A judge in San Francisco on Monday blocked enforcement of a new state law requiring unwed minors to obtain parental consent or a court order before having an abortion.
In a brief order, Superior Court Judge Morton Colvin granted the American Civil Liberties Union's request for a preliminary injunction preventing the hotly debated law from taking effect on Friday.
State officials said an appeal is likely, but opponents of the new law predicted that it would be difficult to obtain a writ reversing the court's injunction before the end of the year. A full trial on the case is not expected for at least a year.
Full Hearing on Case
In his preliminary review, the judge did not rule on assertions that the law, whose backers claim widespread public support, violates California's constitutional right to privacy. But the court did say there is "reasonable likelihood" that the law would be found unconstitutional, and also found that "irreparable injury" would result unless enforcement is blocked pending a full hearing on the case.
"Implicit in the order is a finding that he (the judge) thinks we state a pretty good cause of action, and our theories are well beyond pie-in-the-sky," said Linda Shostak, a cooperating attorney for the ACLU, which argued that the law would force pregnant teen-agers to risk their health by delaying abortions or trying to self-induce abortions.
But proponents predicted that the California Supreme Court would ultimately uphold the law.
"I think that some families will suffer as a result of this, in not being able to get this into law when we had planned," said Assemblyman Robert Frazee (R-Carlsbad), author of the bill.
"The basic issue here, and one in which I think we ultimately will prevail, is whether or not parents' rights are superior to the rights of their children. I think that's something that is basic to the human family from as far back in recorded history as we can find."
The new statute, signed into law Sept. 27 with the backing of a number of anti-abortion and religious organizations, requires unwed girls under 18 to obtain either the consent of one parent or an order from the Juvenile Court before obtaining an abortion.
The court is empowered to authorize an abortion even when parents have refused to give their consent, but the court in any case must find that the minor is sufficiently mature to make her own decision, or that an abortion is in the minor's best interest. The law permits minors to apply to the courts under a pseudonym and provides that such applications are kept confidential.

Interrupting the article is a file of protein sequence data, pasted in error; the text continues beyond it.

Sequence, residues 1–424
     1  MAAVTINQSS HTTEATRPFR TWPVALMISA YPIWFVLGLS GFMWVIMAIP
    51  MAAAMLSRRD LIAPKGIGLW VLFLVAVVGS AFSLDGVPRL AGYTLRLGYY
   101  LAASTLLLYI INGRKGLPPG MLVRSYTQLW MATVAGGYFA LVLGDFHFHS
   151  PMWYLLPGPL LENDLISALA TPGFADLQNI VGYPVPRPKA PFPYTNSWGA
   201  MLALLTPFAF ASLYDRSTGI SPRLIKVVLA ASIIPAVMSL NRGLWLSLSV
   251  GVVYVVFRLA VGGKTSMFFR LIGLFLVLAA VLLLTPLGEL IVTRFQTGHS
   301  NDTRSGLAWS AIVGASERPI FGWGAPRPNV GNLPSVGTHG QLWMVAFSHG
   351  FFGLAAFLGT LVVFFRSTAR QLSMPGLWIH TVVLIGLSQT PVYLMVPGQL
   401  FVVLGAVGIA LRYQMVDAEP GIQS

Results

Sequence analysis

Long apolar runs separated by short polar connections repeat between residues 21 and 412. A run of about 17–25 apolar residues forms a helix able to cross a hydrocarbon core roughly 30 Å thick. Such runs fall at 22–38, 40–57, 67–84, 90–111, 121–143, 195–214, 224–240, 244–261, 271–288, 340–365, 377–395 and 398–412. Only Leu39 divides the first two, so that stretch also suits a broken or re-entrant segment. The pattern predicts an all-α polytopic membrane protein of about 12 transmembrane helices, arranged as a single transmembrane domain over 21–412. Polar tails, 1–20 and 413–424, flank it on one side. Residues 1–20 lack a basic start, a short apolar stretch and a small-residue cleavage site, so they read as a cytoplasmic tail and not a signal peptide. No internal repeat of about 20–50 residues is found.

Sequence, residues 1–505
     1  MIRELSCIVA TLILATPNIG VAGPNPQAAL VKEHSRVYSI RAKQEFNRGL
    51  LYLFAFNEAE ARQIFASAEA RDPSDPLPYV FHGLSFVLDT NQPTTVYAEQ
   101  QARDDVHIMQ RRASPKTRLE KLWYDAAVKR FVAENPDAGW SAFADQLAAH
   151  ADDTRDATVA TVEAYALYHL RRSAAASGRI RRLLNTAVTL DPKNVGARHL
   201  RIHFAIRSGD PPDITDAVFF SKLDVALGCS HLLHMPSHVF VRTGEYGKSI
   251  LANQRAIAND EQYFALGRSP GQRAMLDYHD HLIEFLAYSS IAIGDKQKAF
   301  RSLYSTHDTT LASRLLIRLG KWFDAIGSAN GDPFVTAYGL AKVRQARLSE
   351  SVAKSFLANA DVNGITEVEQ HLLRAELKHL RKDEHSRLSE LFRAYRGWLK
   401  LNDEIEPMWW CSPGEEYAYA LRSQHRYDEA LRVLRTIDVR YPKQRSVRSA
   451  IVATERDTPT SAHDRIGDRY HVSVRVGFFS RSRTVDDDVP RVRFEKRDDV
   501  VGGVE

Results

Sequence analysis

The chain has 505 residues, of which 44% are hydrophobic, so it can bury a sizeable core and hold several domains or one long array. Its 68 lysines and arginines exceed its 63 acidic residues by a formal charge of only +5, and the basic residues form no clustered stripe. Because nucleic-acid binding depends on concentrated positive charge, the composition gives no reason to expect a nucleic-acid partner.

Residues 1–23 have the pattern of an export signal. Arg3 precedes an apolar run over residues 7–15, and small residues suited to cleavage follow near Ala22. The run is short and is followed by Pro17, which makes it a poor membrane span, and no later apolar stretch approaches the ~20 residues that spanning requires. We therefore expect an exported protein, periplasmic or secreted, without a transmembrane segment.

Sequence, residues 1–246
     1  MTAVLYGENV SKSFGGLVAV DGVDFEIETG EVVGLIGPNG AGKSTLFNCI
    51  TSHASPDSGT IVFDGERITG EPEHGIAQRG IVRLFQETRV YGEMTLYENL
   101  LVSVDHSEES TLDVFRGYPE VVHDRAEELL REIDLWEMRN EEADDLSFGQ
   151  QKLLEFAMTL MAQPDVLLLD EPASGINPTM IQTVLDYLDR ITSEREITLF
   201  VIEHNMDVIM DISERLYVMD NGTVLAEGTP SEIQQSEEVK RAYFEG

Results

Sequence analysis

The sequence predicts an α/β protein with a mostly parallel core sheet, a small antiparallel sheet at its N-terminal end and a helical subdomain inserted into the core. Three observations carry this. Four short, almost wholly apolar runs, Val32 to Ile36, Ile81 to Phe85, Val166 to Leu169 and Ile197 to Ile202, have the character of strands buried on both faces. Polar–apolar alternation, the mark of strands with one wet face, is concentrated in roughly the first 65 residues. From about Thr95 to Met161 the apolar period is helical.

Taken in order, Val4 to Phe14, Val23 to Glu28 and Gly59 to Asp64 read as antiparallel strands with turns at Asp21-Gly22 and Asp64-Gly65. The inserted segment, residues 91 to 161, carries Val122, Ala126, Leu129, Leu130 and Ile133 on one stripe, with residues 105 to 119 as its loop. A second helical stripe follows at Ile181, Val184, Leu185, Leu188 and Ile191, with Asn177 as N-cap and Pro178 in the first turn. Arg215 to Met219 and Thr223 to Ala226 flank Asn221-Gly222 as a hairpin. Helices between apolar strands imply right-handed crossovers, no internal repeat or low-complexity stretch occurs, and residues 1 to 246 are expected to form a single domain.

Doctors who knowingly perform abortions on minors without parental or court approval are subject to misdemeanor criminal penalties.
Although no official statistics are kept, it is estimated that about 30,000 abortions are performed each year on girls under 18 in California. The state Judicial Council, which helped develop guidelines for the courts' use in implementing the law, estimated that 10,000 to 12,000 minors a year would seek court hearings under the new law.
The law now requires only that minors give "informed consent" for an abortion in consultation with doctors.
Blocked by Court Orders
Across the country, 10 states have enacted laws requiring parental or court notification for abortions, but five of those laws have been blocked by court orders. Twelve states require parental or court consent, but courts in four of those states have suspended the laws.
Supporters of the California legislation say the statute was carefully drawn to meet the standards outlined by the U.S. Supreme Court in rejecting many of the other laws. California's statute, for instance, requires the consent of only one parent, not both. It does not require any waiting period before obtaining an abortion, and parents are not required to accompany their child to a clinic.
"This law is right in keeping with what the U.S. Supreme Court has said that states can do regarding this issue," said Barbara Alby, executive director of the Women's Lobby, which has helped organize a legal defense fund to defend the bill. "This is not over with. We're going to have parental consent in this state, no doubt about it."
Plaintiffs in the case, including the American Academy of Pediatrics, the California Medical Assn., the American College of Obstetricians and Gynecologists and Planned Parenthood of Alameda and San Francisco counties, argued that the specific right of privacy written into California's Constitution provides stronger protection against parental consent laws than the more generalized privacy right recognized in the U.S. Constitution.
Alternatively, the plaintiffs argued that it is unconstitutional to pass a statute that requires consent for abortions but does not require consent for the decision to carry on with a pregnancy.